Bad weather (snow) postponed our December workshop, but we met yesterday at The Studio for our fourth session. It was even sunny for part of the day and Isabel had got the workshop warmed up by the time we arrived, so we had a comfortable stitching session. The gales didn't arrive until late last night, so I expect everyone was tucked up at home by then.
We have some excellent selections of sashiko coming along for our samplers this year. Maureen's is very colourful, taking her colourscheme inspirations from Japanese striped tsumugi cottons which will be part of the finished sampler.
Francine has accented her stitch samples with subtle hints of shaded blue and white thread.
Take away the coloured accents and I'm sorry but I can't remember which set of white stitched sashiko samples belongs to which group member - they are all stitched so beautifully and to a high standard. I think the first set might be Susan's, but I'm not sure!
See what I mean? Like last year, everyone is edging their samples with a different coloured thread in an overlock or zigzag stitch, otherwise very quickly we couldn't tell them apart.
The fan design (above) is a little extra I thought up during the drive over. Usually I do these easy fans as part of my Sashiko for Summer and Sashiko Furoshiki workshops - they are inspired by the corner fans traditionally seen on furoshiki wrapping cloths, where they are used for reinforcement. I wanted us to be able to include them in our samplers, but stick with the 9in block format while having the fan on point, so the orientation doesn't lead the eye towards a corner of the sampler. I worked out that we needed 6 3/8in cut squares for this and we will be adding triangles to fill in the corners, with two 7 1/8in squares halved diagonally (or 71/4in squares, to be on the generous side, and then the block trimmed to 9in). The corner triangles can be a contrasting fabric and I was thinking about using a reproduction Japanese print for mine. The finished size of these larger blocks, once the sashing is added, is 8 1/2in. We're working with these square sizes because they are the most economical size to cut from the traditional narrow width cotton, as used by my friends in Yuza Sashiko Guild.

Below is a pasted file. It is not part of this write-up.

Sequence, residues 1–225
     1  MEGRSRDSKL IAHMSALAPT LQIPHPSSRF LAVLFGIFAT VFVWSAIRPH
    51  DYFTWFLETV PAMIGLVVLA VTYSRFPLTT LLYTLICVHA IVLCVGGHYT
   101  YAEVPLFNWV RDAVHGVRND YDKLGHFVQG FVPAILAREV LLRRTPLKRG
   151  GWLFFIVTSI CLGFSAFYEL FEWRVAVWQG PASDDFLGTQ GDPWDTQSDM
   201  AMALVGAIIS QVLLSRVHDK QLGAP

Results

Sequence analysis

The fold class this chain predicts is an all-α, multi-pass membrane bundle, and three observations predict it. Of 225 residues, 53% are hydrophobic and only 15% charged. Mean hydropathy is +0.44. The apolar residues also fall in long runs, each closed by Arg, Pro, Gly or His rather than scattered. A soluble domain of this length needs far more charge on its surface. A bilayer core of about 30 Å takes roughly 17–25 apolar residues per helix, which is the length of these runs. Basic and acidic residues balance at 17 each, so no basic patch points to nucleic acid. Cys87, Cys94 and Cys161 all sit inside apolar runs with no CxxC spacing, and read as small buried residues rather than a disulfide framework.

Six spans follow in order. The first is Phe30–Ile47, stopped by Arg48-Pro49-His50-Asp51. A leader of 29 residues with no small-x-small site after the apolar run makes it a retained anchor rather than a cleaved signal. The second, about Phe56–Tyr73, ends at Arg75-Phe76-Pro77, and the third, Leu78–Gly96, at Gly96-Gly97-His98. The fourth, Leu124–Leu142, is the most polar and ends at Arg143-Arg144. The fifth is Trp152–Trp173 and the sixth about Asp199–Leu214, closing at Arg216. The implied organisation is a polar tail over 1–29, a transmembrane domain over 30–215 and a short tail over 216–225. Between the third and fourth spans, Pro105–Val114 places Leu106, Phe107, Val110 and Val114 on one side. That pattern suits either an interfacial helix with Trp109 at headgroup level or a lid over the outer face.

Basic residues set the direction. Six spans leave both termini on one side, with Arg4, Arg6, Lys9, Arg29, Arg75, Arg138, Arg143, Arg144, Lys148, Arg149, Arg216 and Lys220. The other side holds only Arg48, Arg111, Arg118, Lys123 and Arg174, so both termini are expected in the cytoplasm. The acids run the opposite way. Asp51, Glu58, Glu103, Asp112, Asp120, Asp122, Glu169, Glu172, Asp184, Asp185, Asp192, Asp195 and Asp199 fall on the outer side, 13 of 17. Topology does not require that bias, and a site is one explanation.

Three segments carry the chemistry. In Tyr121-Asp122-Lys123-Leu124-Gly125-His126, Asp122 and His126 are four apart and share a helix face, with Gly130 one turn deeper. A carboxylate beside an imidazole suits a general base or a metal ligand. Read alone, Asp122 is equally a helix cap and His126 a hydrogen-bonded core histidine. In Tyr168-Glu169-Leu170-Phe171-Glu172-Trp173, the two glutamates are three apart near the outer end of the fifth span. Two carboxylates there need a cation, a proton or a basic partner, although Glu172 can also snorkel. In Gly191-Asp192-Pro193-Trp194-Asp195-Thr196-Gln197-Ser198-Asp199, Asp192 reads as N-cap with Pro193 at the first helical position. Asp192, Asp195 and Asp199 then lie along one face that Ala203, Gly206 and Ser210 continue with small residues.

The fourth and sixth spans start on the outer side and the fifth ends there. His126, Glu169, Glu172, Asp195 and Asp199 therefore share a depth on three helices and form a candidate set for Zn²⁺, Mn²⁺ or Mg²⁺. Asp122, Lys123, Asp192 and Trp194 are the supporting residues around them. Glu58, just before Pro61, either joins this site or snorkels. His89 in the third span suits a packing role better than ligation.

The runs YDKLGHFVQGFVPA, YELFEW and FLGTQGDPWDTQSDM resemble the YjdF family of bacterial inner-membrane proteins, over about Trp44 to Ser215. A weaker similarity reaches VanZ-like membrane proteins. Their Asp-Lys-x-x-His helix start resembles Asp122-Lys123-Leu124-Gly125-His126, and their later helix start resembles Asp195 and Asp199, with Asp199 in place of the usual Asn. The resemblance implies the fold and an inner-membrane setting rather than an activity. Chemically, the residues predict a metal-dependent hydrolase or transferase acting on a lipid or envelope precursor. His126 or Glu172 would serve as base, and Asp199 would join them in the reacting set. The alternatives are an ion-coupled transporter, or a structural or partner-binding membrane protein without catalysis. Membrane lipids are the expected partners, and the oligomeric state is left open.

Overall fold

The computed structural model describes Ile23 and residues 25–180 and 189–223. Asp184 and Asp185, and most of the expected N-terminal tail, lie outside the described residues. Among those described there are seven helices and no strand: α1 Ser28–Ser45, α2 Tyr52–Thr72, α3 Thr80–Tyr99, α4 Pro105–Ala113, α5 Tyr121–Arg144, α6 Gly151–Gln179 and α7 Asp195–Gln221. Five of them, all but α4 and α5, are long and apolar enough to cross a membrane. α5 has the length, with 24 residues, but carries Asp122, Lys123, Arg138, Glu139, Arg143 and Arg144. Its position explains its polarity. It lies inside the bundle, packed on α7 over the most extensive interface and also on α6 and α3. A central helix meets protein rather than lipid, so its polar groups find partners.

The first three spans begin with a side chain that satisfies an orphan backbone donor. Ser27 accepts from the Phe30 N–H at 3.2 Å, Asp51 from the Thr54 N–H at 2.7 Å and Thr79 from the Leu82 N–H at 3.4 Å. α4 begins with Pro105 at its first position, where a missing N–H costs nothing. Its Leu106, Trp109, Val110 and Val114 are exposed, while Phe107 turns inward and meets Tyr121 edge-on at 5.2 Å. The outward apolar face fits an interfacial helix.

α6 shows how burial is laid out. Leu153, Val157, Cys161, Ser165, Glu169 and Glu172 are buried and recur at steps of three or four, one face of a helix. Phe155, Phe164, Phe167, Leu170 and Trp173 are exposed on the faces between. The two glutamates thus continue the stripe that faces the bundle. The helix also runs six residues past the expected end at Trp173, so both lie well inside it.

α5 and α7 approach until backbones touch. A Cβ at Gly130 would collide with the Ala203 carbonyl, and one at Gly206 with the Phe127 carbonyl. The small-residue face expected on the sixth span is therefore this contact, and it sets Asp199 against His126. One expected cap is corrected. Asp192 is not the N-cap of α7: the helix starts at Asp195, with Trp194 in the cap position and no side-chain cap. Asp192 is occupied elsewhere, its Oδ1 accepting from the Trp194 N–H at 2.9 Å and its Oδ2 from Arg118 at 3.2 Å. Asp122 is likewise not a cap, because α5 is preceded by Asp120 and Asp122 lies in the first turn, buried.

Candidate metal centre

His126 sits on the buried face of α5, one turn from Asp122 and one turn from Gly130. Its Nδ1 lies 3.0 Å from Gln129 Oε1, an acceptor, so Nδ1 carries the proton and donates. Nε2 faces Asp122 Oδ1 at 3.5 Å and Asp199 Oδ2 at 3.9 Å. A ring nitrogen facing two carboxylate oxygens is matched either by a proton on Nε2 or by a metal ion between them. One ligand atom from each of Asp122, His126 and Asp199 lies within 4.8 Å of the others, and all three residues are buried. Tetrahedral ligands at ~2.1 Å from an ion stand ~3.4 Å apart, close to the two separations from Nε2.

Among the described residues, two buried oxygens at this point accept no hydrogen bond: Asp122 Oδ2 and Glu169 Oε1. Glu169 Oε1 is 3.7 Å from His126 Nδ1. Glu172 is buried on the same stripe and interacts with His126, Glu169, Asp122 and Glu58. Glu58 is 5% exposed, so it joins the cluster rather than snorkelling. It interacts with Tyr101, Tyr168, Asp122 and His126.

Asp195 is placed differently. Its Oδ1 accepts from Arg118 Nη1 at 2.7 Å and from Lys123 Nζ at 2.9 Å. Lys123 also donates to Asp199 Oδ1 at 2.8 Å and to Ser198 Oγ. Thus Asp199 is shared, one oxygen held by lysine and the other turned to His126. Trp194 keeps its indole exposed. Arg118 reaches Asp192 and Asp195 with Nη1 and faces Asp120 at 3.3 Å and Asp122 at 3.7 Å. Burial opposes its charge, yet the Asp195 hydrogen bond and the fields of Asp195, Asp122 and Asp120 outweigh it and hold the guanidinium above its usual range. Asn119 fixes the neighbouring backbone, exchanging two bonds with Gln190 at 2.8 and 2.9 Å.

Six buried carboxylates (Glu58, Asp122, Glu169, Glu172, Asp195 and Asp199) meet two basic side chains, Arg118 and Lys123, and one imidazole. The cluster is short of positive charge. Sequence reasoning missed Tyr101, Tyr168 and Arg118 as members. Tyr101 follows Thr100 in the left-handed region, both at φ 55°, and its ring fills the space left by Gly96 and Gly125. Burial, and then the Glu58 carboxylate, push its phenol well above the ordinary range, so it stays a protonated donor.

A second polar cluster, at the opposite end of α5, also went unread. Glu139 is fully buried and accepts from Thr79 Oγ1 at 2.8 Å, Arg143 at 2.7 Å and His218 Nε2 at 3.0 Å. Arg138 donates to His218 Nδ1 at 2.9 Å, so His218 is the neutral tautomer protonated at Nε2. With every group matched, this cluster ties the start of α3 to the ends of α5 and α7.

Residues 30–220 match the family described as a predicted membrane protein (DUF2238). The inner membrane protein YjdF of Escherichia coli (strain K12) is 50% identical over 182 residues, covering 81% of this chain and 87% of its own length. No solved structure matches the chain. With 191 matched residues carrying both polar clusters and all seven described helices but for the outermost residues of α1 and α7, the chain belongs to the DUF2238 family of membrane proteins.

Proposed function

Oops, I forgot to photograph my blocks! This year, I'm trying to keep up with everyone else.